“how much it would cost to…” “could i get a quote for…” “can I get a ballpark range…”… these are the most common questions that SMR Digital gets every day. I think the reason people keep asking this question is because there is no easy answer. Mobile apps are not a commodity product. There isn’t a set pricing schedule floating around for this or that kind of app. Layer on developers wide range of hourly rates and you have mass confusion around the real costs associated with app development!
So, I think its time to yank off the band-aid and break down:
#1 – What Goes into Developing Apps
#2 – Why It’s Difficult to Name a “Ballpark Range”
#3 – How Designers/Developers Charge for Making Apps
#4 – Defining Your Budget
What Goes into Developing Apps?
A common misconception is that mobile apps are as simple to program as a website. Although mobile computing has been around for a long time, mainstream programming for smart-phones is only a few years old. Mobile programming technologies are not as evolved web technologies, where you can have a site online within a matter of minutes. To get your app idea off the ground, expect a more involved process than you’re used to on the web. Getting a website that will convert visitors into users is what MasterMind in Traverse City and the Eminent SEO Blog do for all their web design clients.
Why It’s Difficult to Name a “Ballpark Range”
It’s actually not difficult to name a “ballpark range” if you know exactly what you want, and your developer has developed a LOT of apps. The problem is most people:
- Don’t have their idea completely flushed out, it’s just a basic idea
- Are unwilling to give all of the details (for fear of someone stealing the idea)
Know that to get a realistic estimate you’ll need to:
- Detail EXACTLY how the app will work (drawing mockups is recommended)
- Have anyone you talk to sign a Non-Disclosure Agreement
How Designers/Developers Charge for Making Apps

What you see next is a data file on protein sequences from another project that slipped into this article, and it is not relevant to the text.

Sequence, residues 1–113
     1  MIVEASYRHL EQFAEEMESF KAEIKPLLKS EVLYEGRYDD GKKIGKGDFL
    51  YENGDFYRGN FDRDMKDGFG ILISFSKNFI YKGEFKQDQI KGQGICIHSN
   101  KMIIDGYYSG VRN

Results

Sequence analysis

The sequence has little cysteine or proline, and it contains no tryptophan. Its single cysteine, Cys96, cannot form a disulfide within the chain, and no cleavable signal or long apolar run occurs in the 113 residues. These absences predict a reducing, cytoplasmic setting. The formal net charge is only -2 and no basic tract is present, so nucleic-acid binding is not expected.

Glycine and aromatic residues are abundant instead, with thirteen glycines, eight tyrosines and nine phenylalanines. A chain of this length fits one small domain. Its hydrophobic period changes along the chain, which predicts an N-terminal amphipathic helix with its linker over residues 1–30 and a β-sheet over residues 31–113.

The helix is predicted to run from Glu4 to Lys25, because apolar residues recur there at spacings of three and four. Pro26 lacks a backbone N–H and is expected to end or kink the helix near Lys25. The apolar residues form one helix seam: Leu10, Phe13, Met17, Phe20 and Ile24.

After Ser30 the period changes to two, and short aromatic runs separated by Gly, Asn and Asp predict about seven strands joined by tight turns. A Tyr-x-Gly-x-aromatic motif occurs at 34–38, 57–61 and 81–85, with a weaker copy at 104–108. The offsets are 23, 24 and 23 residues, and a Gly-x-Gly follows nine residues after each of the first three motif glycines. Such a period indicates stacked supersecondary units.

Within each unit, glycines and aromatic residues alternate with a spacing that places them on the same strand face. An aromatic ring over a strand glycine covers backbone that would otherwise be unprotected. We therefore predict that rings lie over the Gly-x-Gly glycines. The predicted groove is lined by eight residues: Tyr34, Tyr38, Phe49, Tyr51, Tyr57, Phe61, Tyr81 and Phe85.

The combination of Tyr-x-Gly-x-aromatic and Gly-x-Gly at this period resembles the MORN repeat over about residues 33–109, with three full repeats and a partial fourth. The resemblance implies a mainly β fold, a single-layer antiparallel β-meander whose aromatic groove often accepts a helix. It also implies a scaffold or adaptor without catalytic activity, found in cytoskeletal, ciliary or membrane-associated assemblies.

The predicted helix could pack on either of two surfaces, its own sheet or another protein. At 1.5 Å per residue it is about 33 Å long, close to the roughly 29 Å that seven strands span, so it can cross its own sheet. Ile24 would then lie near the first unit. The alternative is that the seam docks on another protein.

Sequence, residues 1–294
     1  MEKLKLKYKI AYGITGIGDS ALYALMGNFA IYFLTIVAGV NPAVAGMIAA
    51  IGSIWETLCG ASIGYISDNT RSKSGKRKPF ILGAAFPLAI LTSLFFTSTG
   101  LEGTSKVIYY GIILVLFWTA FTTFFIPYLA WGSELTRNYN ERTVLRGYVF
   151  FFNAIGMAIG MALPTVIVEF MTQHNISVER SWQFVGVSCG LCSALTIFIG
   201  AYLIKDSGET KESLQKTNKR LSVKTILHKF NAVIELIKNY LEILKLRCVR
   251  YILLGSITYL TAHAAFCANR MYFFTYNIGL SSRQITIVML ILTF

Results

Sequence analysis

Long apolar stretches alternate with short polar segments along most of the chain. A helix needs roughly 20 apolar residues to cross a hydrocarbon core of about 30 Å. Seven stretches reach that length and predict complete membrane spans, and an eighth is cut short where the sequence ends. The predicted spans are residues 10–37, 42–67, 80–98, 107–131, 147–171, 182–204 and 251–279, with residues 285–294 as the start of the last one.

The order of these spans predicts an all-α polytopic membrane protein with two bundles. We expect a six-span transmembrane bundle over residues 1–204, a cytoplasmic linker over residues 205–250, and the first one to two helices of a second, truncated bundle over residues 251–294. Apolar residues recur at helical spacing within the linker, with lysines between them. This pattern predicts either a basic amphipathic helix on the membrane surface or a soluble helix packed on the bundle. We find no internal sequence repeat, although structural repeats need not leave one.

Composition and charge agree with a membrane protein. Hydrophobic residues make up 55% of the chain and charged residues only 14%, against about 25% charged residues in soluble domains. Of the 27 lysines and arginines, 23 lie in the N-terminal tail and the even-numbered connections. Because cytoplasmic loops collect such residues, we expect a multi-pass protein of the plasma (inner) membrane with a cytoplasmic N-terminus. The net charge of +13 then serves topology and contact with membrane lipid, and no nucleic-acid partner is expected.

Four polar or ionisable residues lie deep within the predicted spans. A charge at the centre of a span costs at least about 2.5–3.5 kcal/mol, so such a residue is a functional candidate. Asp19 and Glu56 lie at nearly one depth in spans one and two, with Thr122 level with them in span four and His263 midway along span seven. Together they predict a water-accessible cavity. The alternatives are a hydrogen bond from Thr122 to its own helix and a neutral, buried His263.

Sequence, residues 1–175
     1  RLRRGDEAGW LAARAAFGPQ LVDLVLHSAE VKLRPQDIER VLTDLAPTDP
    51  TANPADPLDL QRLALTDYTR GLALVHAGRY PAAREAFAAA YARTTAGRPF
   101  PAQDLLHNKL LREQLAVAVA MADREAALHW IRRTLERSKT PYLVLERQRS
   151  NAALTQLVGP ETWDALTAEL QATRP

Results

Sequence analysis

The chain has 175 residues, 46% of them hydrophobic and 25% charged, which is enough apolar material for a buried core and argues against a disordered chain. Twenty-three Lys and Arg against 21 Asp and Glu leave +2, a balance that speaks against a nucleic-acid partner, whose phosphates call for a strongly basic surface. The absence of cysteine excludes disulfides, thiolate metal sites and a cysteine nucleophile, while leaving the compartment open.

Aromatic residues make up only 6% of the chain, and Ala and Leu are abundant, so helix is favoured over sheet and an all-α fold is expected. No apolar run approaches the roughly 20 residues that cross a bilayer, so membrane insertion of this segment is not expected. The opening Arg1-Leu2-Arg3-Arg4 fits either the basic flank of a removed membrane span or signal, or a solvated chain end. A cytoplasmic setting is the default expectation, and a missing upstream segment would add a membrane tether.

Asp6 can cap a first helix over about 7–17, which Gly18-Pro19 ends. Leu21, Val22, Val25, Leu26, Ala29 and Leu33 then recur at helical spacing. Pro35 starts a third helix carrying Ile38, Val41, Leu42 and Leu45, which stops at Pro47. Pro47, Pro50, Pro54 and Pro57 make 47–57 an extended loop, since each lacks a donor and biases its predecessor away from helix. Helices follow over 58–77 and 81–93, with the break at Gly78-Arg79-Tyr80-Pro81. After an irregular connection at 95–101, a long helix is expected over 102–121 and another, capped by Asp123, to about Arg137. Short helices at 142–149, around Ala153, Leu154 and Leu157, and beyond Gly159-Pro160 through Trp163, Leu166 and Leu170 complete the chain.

Having worked an a design/development team I can give you the inside scoop on how we charge for making apps. It’s pretty simple really – we track our hours and create a time range for various tasks. We tie our hourly rate to our time and there you have it – an estimate.
It may seem elementary and not worth mentioning, but the reason I bring it up is to emphasize a point: use an experienced team for your project.
Only an experienced team can give you an accurate estimate.
Defining Your Budget
Development = About 50% of Your Costs
Design = About 30% of Your Costs
There are very few designers that have in-depth knowledge of how to design mobile interfaces. Visual designers and interaction designers that really know what they’re doing are able to charge a premium for producing designs, layouts and flows that will create an experience that stands out in the App Store.
App Marketing = 20% of Your Costs
A lot of information exists in the realm of web marketing. Not so for app marketing. Your best bet for success is hiring an app marketing professional that has experience watching the sales trends in the App Store. I recommend checking out an SEO reseller service for professional help, you can also contact a SEO consultant so that you can more in deep information. No one else has that kind of visibility into App Store sales. For this kind of help the minimum investment is usually around $2,500.
From here a good next step is to download the Project Outline Worksheet.
This will help you think through the details of how your app will work to get an accurate price for getting it done!
Check out these related posts:
Think your app idea has what it takes to be the next Instagram? Think again. As of January 2013 there were 775,000 apps in the iOS app store, yet nearly 60% of developers report they never broke even on their development costs. Even worse, almost 70% report their most successful app never made more than $5,000. […]read more >
“What would it feel like if our phones were designed around people, not apps?” – Mark Zuckerburg on Facebook Home You may have heard the news already, the “Facebook Home” is being released today. Technically, Facebook Home isn’t really an OS. It’s also not a “fork” of Google’s Android software. It’s an App layer […]read more >
You can’t stop thinking about how awesome your new app idea is, can you? Probably is more amazing than playing an online game but not as amazing as the Elo rating system. If you could just get this thing out of your head and into people’s hands, you could change the world. But what’s the […]read more >